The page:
Cammie's Story

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“I was in a relationship for six and a half years, and it was good for the first…probably six months to eight months. After that it just ran immediately downhill and I felt trapped. I did try to leave a few times and I was physically held down. I got thrown around. I got sexually assaulted. My partner practically waterboarded our son when he would cry and have fits, and my partner didn’t see anything wrong with any of it. He truly believed he was doing the right thing and he still believes that to this day.”

Cammie’s story may sound extreme and rare, but in the past year, Saving Grace has provided services to nearly 5,000 individuals, including over 200 children. In these types of domestic violence situations, leaving one’s home and relationship — no matter how toxic — isn’t as easy as it sounds.

“I remember four years ago being in California,” Cammie continued, “and we got in a huge fight and I had this voice in my head just saying, “Leave now. If you don't leave now, you're going to go through stuff that you don't want to go through.” 

But I wasn’t getting black eyes, or a broken arm or broken ribs, like some other people that I knew, and so I thought, “Oh, well…it’s not that bad.”

For many domestic violence survivors who are parents, they wrestle with decisions they fear will ultimately hurt their children in other ways.

“I hated the idea of breaking up a family, you know? But last November, I was done. I tried to leave and he wouldn’t let me go. He stopped me in the driveway and hopped in the car. He went from anger to crying, to begging and promising anything to get me to stay. He said he’d change. I thought, “Maybe this is really happening.”

Through that time, Cammie was bringing in most of their household income. “I was wearing my body down. I wasn’t able to be a mom. I’d come home late just to have my money taken straight away from me. Her partner worked very part-time. “I kept begging him, asking if I could just — you know, work a normal job.”

“Can I just be a mom? Can you work? Can you find something to do?” 

With Cammie only finding some sleep most days between 3:30am and 7:00am, her body finally reached its limit and she spent most of December last year in bed. With rent coming due, her partner’s response was, “It looks like you just have to start hustling.”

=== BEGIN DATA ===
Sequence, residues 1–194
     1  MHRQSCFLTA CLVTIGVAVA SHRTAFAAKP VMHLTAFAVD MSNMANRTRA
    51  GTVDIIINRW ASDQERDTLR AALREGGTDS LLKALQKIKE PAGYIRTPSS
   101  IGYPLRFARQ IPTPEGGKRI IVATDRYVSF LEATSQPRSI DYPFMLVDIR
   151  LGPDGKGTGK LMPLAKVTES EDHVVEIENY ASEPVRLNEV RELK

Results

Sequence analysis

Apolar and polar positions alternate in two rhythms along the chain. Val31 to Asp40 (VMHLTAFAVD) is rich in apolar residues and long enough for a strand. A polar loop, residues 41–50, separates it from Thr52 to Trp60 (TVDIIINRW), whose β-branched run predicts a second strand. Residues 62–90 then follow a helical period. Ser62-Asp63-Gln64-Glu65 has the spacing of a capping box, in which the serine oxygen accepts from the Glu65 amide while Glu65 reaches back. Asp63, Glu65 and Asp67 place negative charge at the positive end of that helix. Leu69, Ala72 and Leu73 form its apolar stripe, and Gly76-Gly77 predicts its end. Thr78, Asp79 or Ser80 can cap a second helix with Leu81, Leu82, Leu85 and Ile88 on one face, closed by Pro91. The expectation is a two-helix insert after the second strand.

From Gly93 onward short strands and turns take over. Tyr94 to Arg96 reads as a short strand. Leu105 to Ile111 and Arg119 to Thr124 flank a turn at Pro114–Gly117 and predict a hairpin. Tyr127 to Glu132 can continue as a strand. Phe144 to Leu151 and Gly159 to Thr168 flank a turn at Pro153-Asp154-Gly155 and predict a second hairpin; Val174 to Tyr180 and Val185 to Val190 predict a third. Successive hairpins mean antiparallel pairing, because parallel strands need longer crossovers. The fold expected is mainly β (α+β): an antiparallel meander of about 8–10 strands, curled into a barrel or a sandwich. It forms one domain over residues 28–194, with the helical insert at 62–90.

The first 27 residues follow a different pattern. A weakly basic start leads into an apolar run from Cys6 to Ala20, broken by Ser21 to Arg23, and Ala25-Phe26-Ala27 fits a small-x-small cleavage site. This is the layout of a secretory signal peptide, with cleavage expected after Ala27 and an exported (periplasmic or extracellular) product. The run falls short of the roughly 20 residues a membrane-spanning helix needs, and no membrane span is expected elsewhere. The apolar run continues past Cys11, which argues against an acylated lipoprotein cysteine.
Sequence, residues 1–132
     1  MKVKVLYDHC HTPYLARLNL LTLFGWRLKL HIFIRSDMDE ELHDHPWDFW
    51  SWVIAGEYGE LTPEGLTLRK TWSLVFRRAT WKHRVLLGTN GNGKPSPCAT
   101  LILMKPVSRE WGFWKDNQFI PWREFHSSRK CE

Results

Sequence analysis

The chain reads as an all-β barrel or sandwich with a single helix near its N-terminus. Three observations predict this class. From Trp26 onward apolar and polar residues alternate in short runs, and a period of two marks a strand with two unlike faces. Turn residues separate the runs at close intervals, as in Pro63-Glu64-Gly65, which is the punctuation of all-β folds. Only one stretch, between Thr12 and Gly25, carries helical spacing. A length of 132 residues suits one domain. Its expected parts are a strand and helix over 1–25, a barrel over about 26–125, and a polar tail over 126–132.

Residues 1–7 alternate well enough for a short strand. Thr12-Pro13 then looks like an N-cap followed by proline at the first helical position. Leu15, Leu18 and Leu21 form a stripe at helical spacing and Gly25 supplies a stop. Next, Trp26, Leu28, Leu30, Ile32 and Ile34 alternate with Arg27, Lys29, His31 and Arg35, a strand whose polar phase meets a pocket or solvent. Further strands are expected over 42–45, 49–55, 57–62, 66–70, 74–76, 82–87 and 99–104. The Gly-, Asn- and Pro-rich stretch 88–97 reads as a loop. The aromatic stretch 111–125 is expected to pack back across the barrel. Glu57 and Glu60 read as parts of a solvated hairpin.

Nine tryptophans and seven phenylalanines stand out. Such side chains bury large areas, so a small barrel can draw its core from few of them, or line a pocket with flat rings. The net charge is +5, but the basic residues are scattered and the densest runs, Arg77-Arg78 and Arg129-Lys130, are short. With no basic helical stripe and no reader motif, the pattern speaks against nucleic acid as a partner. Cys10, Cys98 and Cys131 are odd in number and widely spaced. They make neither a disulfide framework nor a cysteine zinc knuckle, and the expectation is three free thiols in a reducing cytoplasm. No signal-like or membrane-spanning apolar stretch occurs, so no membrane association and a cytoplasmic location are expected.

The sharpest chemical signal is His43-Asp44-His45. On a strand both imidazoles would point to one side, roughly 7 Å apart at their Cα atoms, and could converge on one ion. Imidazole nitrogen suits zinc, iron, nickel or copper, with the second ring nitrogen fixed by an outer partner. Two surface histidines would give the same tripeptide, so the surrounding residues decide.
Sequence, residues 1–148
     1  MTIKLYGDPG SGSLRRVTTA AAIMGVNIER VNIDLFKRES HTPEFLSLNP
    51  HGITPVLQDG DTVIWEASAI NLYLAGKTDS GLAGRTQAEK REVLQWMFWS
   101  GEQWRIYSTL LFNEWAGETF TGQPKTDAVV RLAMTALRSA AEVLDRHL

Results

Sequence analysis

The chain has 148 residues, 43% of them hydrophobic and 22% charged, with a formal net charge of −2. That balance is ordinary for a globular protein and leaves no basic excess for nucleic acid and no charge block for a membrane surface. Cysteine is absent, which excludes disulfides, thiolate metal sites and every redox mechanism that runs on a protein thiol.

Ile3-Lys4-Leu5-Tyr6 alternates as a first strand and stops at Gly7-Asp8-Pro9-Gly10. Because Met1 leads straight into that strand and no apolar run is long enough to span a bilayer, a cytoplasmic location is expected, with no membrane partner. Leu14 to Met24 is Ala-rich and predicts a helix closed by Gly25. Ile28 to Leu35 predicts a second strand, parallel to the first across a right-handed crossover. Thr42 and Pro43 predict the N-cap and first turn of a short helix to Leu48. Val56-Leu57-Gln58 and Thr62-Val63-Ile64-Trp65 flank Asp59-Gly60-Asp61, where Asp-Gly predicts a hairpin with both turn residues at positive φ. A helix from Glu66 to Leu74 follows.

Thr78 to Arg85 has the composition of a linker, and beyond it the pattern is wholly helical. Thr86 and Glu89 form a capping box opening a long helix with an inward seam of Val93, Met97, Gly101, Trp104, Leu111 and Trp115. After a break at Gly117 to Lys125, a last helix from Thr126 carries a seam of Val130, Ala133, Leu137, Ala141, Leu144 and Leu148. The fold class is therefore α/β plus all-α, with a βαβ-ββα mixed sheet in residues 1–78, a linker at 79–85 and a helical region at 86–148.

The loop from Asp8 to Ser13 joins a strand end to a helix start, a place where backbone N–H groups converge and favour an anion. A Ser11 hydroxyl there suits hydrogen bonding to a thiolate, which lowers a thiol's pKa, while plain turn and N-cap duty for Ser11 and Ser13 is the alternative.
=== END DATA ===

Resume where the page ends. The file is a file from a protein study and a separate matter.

After another round of abuse and empty promises to change, Cammie’s relationship with her partner only worsened. 

“He started getting even more controlling and manipulative, and more sexually abusive. I would come home bawling…just crying in my car…too scared to go home, too scared to go to sleep. I knew that shouldn’t happen in my own home and I knew there was no way I could raise my son around this. He’s young enough, but he would say, “Daddy, don’t be mean to mommy. Why don’t you just move out?” You know, he’d say that to his dad and so I realized even he knew things aren’t right.”

Cammie hired an attorney and got a restraining order. 

Then, she found Mary’s Place.

Mary’s Place is a safe and neutral location for parents needing safe exchange monitoring or supervised visits without having direct contact with each other. It’s a place for non-custodial parents to spend meaningful parenting time with their children in a friendly and safe atmosphere.

“Mary’s Place has been wonderful. It was really scary at first because you’re down at the bottom in your life and I thought people were going to look at me weird. But they make you feel comfortable, even over the phone.”

This summer, Cammie and her son were able to attend Camp Mary’s Place. “It was amazing. My son and I got to go somewhere together and do something outdoors. Going there and meeting all the other moms and kids…my son got to see that he’s not alone. He had just felt isolated and confused.”

Cammie’s partner refuses to visit his son at Mary’s Place. 

“My attorney assigned him to lunch visits, which I regret doing. Visits at Mary’s Place are better and supervised for a reason. His dad came to lunch the other day telling our son about the toys waiting for him at the house, and to beg me to let him go home. It’s hard to explain everything going on to a six year-old boy.”

These recent events demonstrate the toll domestic violence takes on a family, but fortunately, there is help.

“The staff has helped me so much. Anytime I need anything, they’re available. I really like my new Saving Grace counselor and I’m getting counseling for my son. The Mary’s Place advocate helped me with paperwork and legal documents. Just knowing that there is a spot that’s as sweet and caring as Mary’s Place out there…I know that my son’s going to be safe there.

“To have something out there so kind and caring…like truly caring. That gives me a lot of comfort.”